Date of Award
Dr. Patricia Hart
Dr. Kathie Aduddell
Purpose: To examine the relationships between caring attitudes and PFCC beliefs of critical care nurses and family members’ perceptions of PFCC.
Design: A descriptive, cross-sectional research design was used.
Methods: One hundred and six critical care registered nurses and 76 critical care family members were recruited from a healthcare organization located in the southeastern United States. Data collection occurred from October 2012 to November 2012.
Results: Nurses reported a high level of caring efficacy and moderately high beliefs about PFCC principles. Family members reported a moderate level of PFCC needs being met. No statistically significant relationships were found between nurses’ caring attitudes and PFCC beliefs or between critical care nursing units’ caring attitudes and family members’ perceptions of PFCC. In addition, nurses’ age, race/ethnicity, years licensed, years in critical care nursing, highest nursing degree, and certification were not found to be predictors of nurses’ caring attitudes and PFCC beliefs.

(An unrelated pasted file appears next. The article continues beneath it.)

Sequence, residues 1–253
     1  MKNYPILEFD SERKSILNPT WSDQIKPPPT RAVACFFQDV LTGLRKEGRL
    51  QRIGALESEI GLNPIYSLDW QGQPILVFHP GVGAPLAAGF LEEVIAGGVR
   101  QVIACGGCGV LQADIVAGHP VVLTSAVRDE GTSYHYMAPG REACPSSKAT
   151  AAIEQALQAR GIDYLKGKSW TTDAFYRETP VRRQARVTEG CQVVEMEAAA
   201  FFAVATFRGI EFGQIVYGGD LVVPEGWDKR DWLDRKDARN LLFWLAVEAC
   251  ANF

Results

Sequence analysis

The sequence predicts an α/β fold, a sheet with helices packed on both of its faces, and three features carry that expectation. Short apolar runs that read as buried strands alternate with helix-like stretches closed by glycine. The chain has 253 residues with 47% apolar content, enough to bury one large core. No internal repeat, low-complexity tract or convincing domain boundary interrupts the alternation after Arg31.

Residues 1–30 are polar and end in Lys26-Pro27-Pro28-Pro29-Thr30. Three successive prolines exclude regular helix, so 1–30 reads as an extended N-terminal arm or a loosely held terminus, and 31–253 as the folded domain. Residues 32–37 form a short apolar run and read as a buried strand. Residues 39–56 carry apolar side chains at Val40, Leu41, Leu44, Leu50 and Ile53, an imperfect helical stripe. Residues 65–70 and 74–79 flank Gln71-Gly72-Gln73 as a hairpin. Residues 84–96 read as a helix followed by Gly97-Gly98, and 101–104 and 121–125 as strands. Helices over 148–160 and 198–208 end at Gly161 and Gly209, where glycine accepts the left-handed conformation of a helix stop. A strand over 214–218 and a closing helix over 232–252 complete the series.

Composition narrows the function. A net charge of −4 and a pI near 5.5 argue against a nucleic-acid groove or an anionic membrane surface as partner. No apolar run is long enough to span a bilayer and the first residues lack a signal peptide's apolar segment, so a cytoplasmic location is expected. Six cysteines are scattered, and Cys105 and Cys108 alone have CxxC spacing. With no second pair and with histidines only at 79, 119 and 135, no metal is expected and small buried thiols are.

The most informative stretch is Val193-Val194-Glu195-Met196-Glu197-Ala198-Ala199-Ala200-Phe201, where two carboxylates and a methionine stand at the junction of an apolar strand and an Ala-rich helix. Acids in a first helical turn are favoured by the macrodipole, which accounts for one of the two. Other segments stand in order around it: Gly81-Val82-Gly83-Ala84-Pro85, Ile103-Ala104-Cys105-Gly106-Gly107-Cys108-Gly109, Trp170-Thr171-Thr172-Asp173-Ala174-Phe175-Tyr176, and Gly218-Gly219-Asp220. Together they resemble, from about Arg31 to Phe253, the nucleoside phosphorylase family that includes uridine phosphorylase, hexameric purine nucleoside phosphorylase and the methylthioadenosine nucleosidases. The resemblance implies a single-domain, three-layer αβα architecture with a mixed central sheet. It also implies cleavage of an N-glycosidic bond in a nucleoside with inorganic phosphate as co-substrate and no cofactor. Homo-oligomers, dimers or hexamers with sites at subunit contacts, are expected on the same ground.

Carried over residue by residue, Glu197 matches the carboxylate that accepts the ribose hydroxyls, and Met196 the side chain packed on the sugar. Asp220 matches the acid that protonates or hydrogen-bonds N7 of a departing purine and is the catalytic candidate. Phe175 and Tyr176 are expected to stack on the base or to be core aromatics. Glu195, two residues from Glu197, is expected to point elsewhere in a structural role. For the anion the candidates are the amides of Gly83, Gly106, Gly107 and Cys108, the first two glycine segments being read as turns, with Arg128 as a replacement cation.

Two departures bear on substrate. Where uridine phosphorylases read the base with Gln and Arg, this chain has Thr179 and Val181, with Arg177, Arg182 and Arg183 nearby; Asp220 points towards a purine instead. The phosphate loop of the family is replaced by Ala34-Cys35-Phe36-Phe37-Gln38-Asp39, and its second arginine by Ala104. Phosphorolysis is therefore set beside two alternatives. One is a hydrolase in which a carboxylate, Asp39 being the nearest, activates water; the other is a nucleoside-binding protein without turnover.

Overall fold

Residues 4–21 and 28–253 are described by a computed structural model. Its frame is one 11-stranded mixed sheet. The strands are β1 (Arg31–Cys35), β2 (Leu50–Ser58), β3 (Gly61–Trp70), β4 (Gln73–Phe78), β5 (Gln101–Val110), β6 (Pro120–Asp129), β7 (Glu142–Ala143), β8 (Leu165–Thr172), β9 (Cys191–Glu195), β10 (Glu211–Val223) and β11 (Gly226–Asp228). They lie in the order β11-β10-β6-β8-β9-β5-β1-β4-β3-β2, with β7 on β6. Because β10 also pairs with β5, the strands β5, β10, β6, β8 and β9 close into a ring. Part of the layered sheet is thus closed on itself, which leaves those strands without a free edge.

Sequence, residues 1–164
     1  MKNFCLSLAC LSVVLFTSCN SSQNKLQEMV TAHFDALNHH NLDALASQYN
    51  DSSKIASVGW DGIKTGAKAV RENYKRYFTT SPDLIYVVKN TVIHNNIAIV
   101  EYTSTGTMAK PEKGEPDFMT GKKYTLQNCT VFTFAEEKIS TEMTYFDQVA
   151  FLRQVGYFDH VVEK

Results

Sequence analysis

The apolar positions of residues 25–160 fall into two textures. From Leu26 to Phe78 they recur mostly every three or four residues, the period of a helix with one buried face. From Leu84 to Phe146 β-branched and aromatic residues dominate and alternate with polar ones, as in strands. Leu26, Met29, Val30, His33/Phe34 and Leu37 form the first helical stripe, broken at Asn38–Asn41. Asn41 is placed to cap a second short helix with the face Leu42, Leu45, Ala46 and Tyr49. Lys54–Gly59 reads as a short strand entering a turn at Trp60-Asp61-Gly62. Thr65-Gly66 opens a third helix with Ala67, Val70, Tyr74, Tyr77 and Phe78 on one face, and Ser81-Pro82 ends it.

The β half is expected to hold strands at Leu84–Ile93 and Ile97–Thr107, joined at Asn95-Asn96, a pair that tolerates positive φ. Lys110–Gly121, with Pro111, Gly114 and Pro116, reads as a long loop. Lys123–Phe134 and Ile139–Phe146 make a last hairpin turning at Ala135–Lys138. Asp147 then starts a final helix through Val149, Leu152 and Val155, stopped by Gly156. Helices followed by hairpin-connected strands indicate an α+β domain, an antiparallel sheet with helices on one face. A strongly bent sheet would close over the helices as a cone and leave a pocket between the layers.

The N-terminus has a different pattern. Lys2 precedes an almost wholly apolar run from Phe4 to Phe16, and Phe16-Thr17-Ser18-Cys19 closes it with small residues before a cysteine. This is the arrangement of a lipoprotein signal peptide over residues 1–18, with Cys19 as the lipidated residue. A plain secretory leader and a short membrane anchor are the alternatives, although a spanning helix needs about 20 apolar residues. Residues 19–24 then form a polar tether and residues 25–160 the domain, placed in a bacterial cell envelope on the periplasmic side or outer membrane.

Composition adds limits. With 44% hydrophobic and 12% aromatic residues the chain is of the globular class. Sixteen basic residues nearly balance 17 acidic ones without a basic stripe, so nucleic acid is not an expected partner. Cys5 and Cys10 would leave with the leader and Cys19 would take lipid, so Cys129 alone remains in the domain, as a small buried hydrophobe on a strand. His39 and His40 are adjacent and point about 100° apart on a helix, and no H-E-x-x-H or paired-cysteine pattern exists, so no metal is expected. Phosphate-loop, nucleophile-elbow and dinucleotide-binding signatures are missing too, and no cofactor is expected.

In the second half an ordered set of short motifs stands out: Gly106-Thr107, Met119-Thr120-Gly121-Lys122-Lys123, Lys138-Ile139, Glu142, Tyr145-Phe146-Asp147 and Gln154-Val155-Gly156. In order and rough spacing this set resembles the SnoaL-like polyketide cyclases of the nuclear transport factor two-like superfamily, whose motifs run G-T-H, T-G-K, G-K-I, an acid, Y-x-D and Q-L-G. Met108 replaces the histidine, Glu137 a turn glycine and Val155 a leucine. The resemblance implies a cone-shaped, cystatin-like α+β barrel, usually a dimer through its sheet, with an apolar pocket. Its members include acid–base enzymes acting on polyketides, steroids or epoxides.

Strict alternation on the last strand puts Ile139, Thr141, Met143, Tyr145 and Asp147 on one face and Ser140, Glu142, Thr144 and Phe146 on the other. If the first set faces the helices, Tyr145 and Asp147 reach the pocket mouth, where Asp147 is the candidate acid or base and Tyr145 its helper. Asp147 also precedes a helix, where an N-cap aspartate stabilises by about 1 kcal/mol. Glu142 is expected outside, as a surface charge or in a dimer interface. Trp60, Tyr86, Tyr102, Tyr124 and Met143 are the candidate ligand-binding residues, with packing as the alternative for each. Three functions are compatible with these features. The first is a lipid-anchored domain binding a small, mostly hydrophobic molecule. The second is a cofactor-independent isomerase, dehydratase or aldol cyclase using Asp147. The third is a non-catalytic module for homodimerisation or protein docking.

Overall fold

Conclusion: Nurses perceived themselves as highly caring and providing PFCC. However, there is an obvious incongruence between nurses’ perceptions and family members’ realities. It is the responsibility of the nursing profession to bridge the gap that exists to ensure that nurses provide care in a way that is safe, caring, and respectful.